Styling checkboxes and radio buttons using CSS

The styling of checkboxes and radio buttons became possible with the introduction of the :checked pseudo-class in CSS3. This page describes two techniques: an image-based method, shown in the demonstration below, and a pure CSS method.

Download examples

The archives below contain two sets of example files demonstrating both the image-based and pure CSS styling methods described on this page.

File Size Description
examples.zip 2,812 bytes Zip archive
examples.7z 1,896 bytes 7-Zip archive

Image-based styling

Image-based styling allows the greatest flexibility in appearance. In the example above we combine the images for the three states (unchecked, selected checkbox, and selected radio button) into a single image for faster loading:

HTML of the following form is used for each checkbox or radio button:

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<div>
  <input id="option" type="checkbox" name="field" value="option">
  <label for="option">Value</label>
</div>

The input and label elements are shown here on separate lines to increase readability; they should usually be put on the same line, with no intervening space, for more accurate styling.

We hide the checkboxes and radio buttons in the stylesheet:

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input[type=checkbox]:not(old),
input[type=radio   ]:not(old){
  width   : 28px;
  margin  : 0;
  padding : 0;
  opacity : 0;
}

The selectors in lines 1 and 2 use the negation pseudo-class to hide the rule from older browsers. Lines 3 to 5 set the width, margin, and padding, in order to be able to position the alternative graphics accurately. Line 6 sets the opacity to render the standard user interface invisible.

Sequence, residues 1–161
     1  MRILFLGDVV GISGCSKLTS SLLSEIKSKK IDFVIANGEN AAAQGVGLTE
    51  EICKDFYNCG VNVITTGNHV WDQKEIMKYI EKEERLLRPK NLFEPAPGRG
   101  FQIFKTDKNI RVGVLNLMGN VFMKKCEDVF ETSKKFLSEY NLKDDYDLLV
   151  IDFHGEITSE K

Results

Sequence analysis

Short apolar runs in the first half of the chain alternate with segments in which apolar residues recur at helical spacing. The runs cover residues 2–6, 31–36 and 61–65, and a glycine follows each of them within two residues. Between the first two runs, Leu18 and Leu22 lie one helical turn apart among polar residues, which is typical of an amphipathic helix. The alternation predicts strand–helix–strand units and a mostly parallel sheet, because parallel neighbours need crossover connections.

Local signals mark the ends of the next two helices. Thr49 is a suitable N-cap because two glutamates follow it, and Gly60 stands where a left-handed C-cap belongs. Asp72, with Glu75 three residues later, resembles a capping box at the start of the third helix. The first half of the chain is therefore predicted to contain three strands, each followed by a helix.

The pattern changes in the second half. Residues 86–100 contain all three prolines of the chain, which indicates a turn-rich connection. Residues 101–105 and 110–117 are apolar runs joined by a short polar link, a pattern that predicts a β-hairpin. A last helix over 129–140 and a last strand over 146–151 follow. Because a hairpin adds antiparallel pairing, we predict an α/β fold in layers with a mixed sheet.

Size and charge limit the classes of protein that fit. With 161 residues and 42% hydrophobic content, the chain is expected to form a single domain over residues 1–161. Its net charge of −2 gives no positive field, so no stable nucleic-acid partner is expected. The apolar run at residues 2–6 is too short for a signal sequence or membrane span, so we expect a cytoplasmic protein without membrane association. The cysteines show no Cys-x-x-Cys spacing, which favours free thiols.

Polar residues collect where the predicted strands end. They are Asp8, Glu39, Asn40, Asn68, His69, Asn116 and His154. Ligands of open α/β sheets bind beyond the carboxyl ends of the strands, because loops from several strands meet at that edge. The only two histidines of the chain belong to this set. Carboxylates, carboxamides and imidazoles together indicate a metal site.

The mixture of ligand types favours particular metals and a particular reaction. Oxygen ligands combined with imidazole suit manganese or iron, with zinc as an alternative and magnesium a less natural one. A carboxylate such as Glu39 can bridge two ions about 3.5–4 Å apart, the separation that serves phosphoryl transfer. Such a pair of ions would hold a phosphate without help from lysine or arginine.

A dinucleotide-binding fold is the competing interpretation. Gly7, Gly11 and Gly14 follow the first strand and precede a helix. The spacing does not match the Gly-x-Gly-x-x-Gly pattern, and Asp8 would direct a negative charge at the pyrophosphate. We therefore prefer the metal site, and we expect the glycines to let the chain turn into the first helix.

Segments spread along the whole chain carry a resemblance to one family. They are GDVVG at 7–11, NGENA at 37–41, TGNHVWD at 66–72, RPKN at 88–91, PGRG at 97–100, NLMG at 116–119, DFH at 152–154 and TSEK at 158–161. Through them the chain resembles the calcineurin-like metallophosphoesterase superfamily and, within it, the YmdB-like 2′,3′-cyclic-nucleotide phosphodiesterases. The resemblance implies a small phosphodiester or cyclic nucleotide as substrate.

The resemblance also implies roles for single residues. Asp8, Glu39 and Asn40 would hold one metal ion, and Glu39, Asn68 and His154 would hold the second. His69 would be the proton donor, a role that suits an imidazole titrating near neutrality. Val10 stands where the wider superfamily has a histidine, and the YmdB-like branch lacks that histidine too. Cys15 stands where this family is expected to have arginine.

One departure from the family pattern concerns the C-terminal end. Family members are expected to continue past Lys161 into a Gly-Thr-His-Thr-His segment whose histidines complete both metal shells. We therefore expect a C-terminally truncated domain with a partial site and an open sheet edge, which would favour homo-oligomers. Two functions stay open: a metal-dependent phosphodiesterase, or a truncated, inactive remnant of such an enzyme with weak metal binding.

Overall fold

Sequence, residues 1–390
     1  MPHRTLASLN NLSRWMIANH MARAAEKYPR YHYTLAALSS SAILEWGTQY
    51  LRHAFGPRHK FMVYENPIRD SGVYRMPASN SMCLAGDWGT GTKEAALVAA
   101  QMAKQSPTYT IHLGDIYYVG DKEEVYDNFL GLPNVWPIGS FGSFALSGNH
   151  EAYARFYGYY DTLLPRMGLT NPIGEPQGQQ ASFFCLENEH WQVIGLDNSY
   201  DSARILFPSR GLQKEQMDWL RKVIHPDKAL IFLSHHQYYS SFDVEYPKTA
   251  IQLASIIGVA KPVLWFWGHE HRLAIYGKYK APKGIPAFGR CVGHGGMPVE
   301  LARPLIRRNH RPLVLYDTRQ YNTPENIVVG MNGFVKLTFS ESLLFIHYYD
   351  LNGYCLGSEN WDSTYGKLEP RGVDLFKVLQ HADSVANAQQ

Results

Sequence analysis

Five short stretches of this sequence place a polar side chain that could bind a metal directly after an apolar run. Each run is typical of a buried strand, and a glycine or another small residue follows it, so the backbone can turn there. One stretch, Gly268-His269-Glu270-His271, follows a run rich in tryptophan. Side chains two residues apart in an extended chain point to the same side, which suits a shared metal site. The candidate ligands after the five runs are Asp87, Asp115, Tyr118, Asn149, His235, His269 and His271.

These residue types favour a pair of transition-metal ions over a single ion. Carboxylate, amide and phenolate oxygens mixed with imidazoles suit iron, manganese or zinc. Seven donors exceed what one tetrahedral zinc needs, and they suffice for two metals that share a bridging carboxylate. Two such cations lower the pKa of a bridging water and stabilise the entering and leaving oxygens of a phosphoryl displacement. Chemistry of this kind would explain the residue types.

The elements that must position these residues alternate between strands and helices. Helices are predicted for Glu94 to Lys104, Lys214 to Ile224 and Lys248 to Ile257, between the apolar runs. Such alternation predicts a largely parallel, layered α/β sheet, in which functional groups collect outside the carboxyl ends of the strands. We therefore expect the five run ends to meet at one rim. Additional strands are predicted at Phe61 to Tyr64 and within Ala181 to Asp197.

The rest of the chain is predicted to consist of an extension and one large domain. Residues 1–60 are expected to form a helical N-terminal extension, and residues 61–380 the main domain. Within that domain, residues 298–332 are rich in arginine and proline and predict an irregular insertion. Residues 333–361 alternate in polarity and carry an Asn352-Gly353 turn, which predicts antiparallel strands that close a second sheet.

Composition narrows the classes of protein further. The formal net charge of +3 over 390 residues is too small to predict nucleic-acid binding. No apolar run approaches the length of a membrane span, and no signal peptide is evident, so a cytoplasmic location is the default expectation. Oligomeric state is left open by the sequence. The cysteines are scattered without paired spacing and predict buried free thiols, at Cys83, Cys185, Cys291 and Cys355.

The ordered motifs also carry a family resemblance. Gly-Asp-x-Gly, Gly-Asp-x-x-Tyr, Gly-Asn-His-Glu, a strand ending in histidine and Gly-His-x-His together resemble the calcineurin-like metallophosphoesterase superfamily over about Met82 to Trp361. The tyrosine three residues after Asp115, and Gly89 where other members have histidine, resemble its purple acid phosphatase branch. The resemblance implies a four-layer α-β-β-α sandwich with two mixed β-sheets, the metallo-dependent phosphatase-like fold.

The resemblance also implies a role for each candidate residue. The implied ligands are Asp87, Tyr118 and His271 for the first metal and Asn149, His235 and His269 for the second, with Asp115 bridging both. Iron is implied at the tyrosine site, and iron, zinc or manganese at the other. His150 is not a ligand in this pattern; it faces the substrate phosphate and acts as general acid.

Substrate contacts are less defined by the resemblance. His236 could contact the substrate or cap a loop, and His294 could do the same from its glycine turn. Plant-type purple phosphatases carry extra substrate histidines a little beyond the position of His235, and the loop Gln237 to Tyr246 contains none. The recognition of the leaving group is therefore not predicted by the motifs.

We then position the label and display the unchecked image:

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input[type=checkbox]:not(old) + label,
input[type=radio   ]:not(old) + label{
  display      : inline-block;
  margin-left  : -28px;
  padding-left : 28px;
  background   : url('checks.png') no-repeat 0 0;
  line-height  : 24px;
}

Line 3 sets the label to display as an inline block element, allowing line 7 to set its height to the height of the alternative graphics and centre the text vertically. Line 4 uses a negative margin to cover the space where the standard user interface would be displayed, and line 5 then uses padding to restore the label text to the correct position. The 28 pixel value used here and in the previous rule is equal to the width of the image plus some additional padding so that the label text is not too close to the image. Line 6 displays the unchecked image in the space before the label text.

Finally, we display the selected images when the checkboxes and radio buttons are selected:

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input[type=checkbox]:not(old):checked + label{
  background-position : 0 -24px;
}

input[type=radio]:not(old):checked + label{
  background-position : 0 -48px;
}

Because we have combined the images for the various states into a single image, these rules modify the background position to show the appropriate image.

Pure CSS styling

The demonstration below is styled purely using CSS. Unlike the image-based method, the pure CSS method scales with the text size.

The HTML used for each checkbox or radio button is similar to that in the image-based method:

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<div>
  <input id="option" type="checkbox" name="field" value="option">
  <label for="option"><span><span></span></span>Value</label>
</div>

The span elements inside the label are used to create the alternative graphics. While radio buttons require both spans, only one is needed for checkboxes.

We hide the checkboxes and radio buttons in the stylesheet:

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input[type=checkbox]:not(old),
input[type=radio   ]:not(old){
  width     : 2em;
  margin    : 0;
  padding   : 0;
  font-size : 1em;
  opacity   : 0;
}